President Hamilton received warmly at Doyon shareholders annual meeting

Photo by Monique Musick

UA President Mark Hamilton addressed a packed crowd of Doyon Ltd. shareholders in Fairbanks March 20, as the keynote speaker.

Hamilton thanked the elders assembled and noted that the site of the University of Alaska Fairbanks was originally known as Troth Yeddha’, named by the Tanana Athabascans. The word “troth” refers to the wild potato and “yeddha’” means “its ridge” or “its hill.” Last year, the UA Board of Regents dedicated a tract of land on the UAF campus as Troth Yeddha’ park.

Hamilton recalled the words of Chief Peter John of Minto, who noted that the site was an important meeting place for the grandfathers to talk and give advice to one another. When they learned it was to be used for a school, they came and gave their blessing by leaving an eagle feather on a pole. This let others know it would no longer be used as a gathering place for the grandfathers, but for a new kind of learning. Chief John said, in recalling the story later, “they were also giving a blessing so their grandchildren would be part of the new school.”

That inclusion has continued and is growing, Hamilton said. In the past 10 years, graduation by Native students at the University of Alaska has increased by over 108 percent. While Doyon shareholders applauded this news, Hamilton said it’s still not enough---the overall numbers of Native students and graduates is still too small. He said he wants to work to increase those numbers.

Hamilton emphasized the workforce programs embraced by the university in the last 10 years, including 85 of 100 new programs that take two years or less to complete. This training leads to the kinds of jobs Alaska businesses, including Doyon and the other ANCSA corporations, would like to offer to qualified Alaskans, including Alaska Natives.
To help reach that goal, Hamilton told those gathered that the UA Board of Regents and the individual CEOs of the 13 regional Native corporations recently passed similar resolutions calling for the creation of the Alaska Native Education and Research Council. The council, which is still in the early planning stages, will review what can be done to improve offerings for students, particularly those who want to apply for jobs at the ANCSA corporations. It will take time for the council to organize itself and see what must be done, but the potential is tremendous, Hamilton said.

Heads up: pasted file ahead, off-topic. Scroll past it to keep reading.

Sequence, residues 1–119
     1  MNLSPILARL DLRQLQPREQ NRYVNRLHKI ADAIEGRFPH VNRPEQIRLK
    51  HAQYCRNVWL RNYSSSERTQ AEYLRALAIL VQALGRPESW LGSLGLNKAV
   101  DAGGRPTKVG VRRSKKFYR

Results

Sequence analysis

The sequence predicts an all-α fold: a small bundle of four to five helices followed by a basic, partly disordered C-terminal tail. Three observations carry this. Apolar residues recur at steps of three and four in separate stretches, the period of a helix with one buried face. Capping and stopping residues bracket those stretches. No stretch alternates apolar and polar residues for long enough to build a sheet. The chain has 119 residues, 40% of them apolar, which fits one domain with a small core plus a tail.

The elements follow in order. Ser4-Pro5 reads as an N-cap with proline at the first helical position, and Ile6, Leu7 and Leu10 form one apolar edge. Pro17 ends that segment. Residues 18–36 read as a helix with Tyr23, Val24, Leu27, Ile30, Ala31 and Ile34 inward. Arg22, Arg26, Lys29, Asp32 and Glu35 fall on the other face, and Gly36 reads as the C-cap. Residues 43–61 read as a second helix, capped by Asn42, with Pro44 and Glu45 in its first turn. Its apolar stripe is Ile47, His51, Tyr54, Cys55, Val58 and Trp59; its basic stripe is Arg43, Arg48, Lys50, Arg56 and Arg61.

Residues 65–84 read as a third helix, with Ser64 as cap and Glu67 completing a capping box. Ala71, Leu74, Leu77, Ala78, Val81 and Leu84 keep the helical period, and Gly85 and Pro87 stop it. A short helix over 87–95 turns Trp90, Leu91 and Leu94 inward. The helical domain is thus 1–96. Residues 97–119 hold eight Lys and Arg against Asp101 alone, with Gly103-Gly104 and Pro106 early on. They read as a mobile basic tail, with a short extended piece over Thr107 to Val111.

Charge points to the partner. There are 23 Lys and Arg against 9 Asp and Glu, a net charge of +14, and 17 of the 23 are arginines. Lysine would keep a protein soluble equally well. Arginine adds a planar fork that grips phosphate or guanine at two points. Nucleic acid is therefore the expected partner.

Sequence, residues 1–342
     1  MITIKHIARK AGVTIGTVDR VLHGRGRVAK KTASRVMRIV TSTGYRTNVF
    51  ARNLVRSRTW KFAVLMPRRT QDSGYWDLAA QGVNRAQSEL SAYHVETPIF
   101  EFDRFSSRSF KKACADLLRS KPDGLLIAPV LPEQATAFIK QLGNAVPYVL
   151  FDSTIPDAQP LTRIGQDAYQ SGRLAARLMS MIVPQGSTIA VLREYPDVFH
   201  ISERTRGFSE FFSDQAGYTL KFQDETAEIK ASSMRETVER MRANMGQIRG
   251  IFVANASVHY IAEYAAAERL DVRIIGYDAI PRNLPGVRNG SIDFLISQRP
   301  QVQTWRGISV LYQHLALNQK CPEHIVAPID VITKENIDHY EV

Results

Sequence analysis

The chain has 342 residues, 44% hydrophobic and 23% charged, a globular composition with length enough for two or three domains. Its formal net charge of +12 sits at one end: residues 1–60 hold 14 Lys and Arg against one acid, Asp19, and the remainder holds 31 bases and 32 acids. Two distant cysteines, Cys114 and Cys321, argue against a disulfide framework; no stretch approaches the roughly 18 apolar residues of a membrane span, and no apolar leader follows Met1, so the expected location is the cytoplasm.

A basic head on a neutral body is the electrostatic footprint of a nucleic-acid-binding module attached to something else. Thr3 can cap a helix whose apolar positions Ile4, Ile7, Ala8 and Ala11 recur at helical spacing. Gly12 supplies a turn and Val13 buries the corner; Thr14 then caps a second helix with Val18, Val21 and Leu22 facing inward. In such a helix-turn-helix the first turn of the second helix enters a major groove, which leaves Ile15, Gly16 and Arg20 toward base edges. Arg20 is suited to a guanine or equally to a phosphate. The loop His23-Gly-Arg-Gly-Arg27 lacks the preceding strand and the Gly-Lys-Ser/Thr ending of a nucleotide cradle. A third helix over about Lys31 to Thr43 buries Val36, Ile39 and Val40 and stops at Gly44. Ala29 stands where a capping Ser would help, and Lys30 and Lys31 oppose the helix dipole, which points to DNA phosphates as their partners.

After the speech, Doyon President Norm Phillips presented Hamilton with a framed chief’s necklace. Hamilton was visibly moved by the generous gift. Doyon also presents each of its speakers with an honorarium, which President Hamilton immediately donated to the non-profit Doyon Foundation.

Photo by Monique Musick

Board keeps on top of turbulent financial times

The Board of Regents Finance Committee met on March 2, 2009, via videoconference to review and discuss numerous issues related to the university’s current financial situation due to recent investment losses in the market.

These losses have created an immediate budget shortfall at the Statewide MAU, which in the past has based a portion of its budget on investment earnings. In this case, there are no earnings to be spent but losses to be absorbed.

The losses have already led to a quick and responsible change in business practices at Statewide, as well as many discussions about long-term, sustainable operational and organizational changes in the upcoming year.

Formal action to address the short-term budget shortfall is anticipated at the June meeting in Fairbanks.

Finance Vice President Joe Trubacz opened the meeting by noting, “Compared to many institutions in the Lower 48, we’re actually not doing that bad.”

Trubacz and Controller Myron Dosch explained to board members that market losses have a domino effect. This includes the UA Foundation’s invested funds, including endowed and non-endowed funds, as well as the university’s operating capital, which is invested in financial markets.

Projected market losses in UA operating funds through January 2009 are about $11 million. Last year, when the budget was crafted, the administration anticipated a $3 million investment return to help fund the Statewide MAU budget. Already through salary savings, travel reductions, and cuts in other non-personnel categories, Statewide has covered $1.6 million of that loss. This still leaves a $1.4 million gap. Added to the $11 million market loss, the overall shortage totals $12.4 million.
Fortunately, there’s a sound plan to address that shortage.